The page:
Five House Members Request GAO Probe of State's Handling of Sonic Attacks in Cuba

The lawmakers want a firm timeline on when U.S. officials first heard about attacks and whether State convened an Accountability Review Board in response

Ileana Ros-Lehtinen
Rep. Ileana Ros-Lehtinen / Getty Images
October 31, 2017

All five Cuban-American House members have asked the Government Accountability Office, Congress's nonpartisan auditing and investigative arm, to determine whether the State Department mishandled its response to a series of mysterious sonic attacks on at least 24 U.S. diplomats in Cuba.

Reps. Ileana Ros-Lehtinen (R., Fla.), Mario Diaz-Balart (R., Fla.), Carlos Curbelo (R., Fla.), Alex Mooney (R., W. Va.), and Albio Sires, (D., N.J.), want the GAO to clear up lingering questions surrounding the attacks and how the State Department handled them—both during the Obama administration, when the attacks first began, and this year after President Donald Trump's team took the helm.

Ros-Lehtinen is a senior member of the Foreign Relations Committee and its former chair; Sires is the ranking Democrat of the panel's Western Hemisphere subcommittee.

The lawmakers on Tuesday sent a letter to Gene Dodaro, who, as U.S. comptroller, heads the GAO, seeking answers about how the State Department "investigated and responded to these attacks."

The House members are particularly interested in the exact timeline of events involving the attacks in Cuba and State's response to the attacks and the medical needs of those affected. They also want to know what type of State policies and procedures exist to "respond to, analyze, and report incidents of attacks" on U.S. personnel overseas and whether the State Department followed those policies and procedures.

Alluding to media reports that tourists may have been affected by sonic attacks in Cuba, they asked whether private U.S. citizens in Cuba have been affected by similar attacks and what steps the State Department is taking to alert U.S. citizens and provide assistance to them if they believe they were affected by any attacks.

Specifically, the lawmakers want to know whether the State Department convened an Accountability Review Board (ARB), an independent panel the agency is required to set up when serious incidents occur that threaten the security of U.S. diplomats abroad.

The Benghazi attack—during which several Americans, including Ambassador Chris Stevens, were killed—focused public attention on the ARB's role in evaluating the State Department's role in failing to protect the compound and how the agency operated in the aftermath of the attack.

The ARB process, which Congress established, investigates what happened and issues recommendations aimed at preventing future incidents.

If the State Department followed the ARB process, it would also provide a more definitive timeline of when the complaints began and how officials responded to them.

In the wake of the Benghazi attack, the State Department's Office of Inspector General reviewed the ARB process and interviewed four secretaries of State who held office between 1998 and 2012.

"All stated that the ARB process was an effective tool that could provide the Department with important lessons for enhancing the security and safety of U.S. diplomatic facilities and employees," the OIG said in a report on the process, issued September 2013.

The State Department has repeatedly declined to provide a specific timeline of when U.S officials first became aware of complaints from U.S. diplomats about symptoms later associated with the attacks and how they responded to these complaints.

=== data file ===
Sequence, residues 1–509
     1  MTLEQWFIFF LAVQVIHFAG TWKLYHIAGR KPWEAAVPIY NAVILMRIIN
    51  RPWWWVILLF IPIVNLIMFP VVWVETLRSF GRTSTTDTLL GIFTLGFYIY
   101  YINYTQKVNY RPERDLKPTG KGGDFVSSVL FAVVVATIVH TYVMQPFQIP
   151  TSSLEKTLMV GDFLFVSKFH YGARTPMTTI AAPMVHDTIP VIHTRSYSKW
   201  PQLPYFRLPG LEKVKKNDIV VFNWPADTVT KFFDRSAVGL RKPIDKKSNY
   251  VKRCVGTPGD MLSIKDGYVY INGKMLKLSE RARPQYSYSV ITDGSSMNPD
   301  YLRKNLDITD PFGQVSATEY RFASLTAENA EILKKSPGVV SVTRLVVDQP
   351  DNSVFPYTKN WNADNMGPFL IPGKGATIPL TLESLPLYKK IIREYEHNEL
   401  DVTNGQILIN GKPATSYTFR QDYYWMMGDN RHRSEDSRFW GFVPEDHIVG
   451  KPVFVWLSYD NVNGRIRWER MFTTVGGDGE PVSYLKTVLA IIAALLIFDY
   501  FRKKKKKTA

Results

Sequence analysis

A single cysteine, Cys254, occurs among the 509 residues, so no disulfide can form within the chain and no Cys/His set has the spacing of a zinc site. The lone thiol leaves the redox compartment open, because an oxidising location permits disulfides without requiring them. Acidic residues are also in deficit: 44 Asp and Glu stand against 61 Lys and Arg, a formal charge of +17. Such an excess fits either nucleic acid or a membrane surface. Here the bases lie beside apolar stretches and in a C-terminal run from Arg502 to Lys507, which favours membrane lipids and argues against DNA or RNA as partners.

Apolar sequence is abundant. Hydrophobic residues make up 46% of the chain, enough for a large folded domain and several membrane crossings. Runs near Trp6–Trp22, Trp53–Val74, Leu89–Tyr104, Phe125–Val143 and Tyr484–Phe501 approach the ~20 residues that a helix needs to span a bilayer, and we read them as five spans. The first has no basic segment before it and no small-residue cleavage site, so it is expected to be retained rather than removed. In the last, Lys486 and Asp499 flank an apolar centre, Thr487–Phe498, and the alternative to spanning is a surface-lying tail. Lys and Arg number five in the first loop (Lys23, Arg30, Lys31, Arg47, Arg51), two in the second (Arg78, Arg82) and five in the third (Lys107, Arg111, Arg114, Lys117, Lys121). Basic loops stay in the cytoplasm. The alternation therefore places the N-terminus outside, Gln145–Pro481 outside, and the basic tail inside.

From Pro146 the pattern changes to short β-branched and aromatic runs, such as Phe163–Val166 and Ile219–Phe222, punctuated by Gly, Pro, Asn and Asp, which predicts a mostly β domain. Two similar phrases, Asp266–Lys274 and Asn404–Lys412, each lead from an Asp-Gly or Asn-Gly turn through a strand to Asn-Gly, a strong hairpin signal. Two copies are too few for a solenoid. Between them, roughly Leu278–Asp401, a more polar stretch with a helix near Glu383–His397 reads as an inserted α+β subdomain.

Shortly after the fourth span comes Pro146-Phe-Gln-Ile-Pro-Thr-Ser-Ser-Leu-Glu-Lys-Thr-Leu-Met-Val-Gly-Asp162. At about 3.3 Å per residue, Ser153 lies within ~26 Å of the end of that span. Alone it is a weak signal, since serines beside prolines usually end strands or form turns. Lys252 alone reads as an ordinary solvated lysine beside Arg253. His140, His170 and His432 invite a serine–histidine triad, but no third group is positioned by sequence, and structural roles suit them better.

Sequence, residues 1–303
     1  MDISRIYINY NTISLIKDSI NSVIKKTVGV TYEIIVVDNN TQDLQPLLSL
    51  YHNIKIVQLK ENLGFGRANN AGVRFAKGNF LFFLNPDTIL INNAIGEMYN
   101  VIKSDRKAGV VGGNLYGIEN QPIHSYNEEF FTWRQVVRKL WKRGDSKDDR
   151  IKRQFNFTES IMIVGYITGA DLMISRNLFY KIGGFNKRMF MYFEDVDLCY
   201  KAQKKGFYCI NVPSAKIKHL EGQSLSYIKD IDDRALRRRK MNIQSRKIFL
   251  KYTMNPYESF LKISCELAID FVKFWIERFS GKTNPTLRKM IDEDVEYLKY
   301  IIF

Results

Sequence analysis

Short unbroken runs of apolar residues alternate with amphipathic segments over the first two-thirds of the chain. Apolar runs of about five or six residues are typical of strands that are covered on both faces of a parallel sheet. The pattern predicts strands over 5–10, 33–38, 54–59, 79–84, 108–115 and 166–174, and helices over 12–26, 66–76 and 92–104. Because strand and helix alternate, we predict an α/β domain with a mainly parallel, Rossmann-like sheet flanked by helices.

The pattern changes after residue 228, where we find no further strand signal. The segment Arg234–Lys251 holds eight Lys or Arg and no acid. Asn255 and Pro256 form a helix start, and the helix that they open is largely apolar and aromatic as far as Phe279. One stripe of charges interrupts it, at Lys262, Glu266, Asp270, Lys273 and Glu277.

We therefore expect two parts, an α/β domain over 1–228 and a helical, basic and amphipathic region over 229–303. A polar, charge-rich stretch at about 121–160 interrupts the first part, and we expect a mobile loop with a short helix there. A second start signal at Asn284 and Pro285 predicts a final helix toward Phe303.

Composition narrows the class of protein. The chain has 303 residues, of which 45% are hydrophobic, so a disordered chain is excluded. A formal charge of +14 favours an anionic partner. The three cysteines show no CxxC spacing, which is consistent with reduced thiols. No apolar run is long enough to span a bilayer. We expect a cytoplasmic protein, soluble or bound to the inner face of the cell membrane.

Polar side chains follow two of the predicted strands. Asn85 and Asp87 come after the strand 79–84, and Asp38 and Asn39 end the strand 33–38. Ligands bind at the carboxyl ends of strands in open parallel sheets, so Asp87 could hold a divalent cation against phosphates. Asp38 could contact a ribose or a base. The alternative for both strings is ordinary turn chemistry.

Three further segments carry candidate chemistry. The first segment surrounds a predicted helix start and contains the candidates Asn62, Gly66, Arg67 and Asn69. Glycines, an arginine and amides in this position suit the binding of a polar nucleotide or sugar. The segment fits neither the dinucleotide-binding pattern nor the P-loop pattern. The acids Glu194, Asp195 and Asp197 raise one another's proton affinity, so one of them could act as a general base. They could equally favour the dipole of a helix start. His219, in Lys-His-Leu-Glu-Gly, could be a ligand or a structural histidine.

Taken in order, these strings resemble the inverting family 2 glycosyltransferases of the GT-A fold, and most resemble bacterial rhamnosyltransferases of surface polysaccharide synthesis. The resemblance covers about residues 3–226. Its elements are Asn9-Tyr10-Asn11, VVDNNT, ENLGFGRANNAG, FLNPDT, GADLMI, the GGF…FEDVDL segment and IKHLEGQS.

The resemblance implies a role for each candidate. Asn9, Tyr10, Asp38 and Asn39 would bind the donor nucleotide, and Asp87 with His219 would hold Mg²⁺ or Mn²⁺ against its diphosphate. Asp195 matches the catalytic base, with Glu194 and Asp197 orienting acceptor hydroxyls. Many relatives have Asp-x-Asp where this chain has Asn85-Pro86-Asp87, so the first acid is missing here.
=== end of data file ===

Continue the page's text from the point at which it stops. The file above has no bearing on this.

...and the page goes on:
A CBS news report in early October quoted an anonymous victim of an attack charging senior embassy leadership and top State Department officials with having "ignored" for months complaints by U.S. diplomats who were suffering from hearing loss and cognitive problems and other ailments related to the attacks.

That report fueled new questions on when the attacks began and whether the State Department responded quickly enough. The State Department has said the attacks began late in 2016 when the Obama administration was still running the agency, but several sources have told the Washington Free Beacon that the first complaints about U.S. diplomats experiencing symptoms began months earlier that summer.

The vague timeline has left some lawmakers on Capitol Hill and outside foreign policy experts questioning whether the Obama administration tried to downplay or suppress information about the attacks in order to protect the administration's historic diplomatic and commercial thaw with Cuba.

After the anonymous victim complained, Sen. Marco Rubio (R., Fla.) vowed to hold an oversight hearing into the State Department's response to the attack, although he has yet to say when that hearing would take place.

In addition to the timeline and ARB questions, the House members want to know what State is doing to prepare top U.S. diplomats and other U.S. personnel working overseas for potential future attacks "of a similar nature," as well as what the department is doing to assist those injured.

Late last week, Cuban officials suggested that the sonic attacks against U.S. embassy employees could be the sounds of very loud crickets and cicadas.

In a half-hour primetime special broadcast in Cuba, government officials defended themselves against Trump administration charges that the U.S. diplomats and other personnel had been subjected to deliberate attacks.

The Trump administration has not accused Cuba of carrying out the attacks but has held the Castro regime responsible for failing to protect diplomats on its territory, as international treaties require.

In response to the attacks, the Trump administration pulled more than half of its diplomats out of Havana and required Cuba to remove their diplomats from Washington in roughly the same numbers.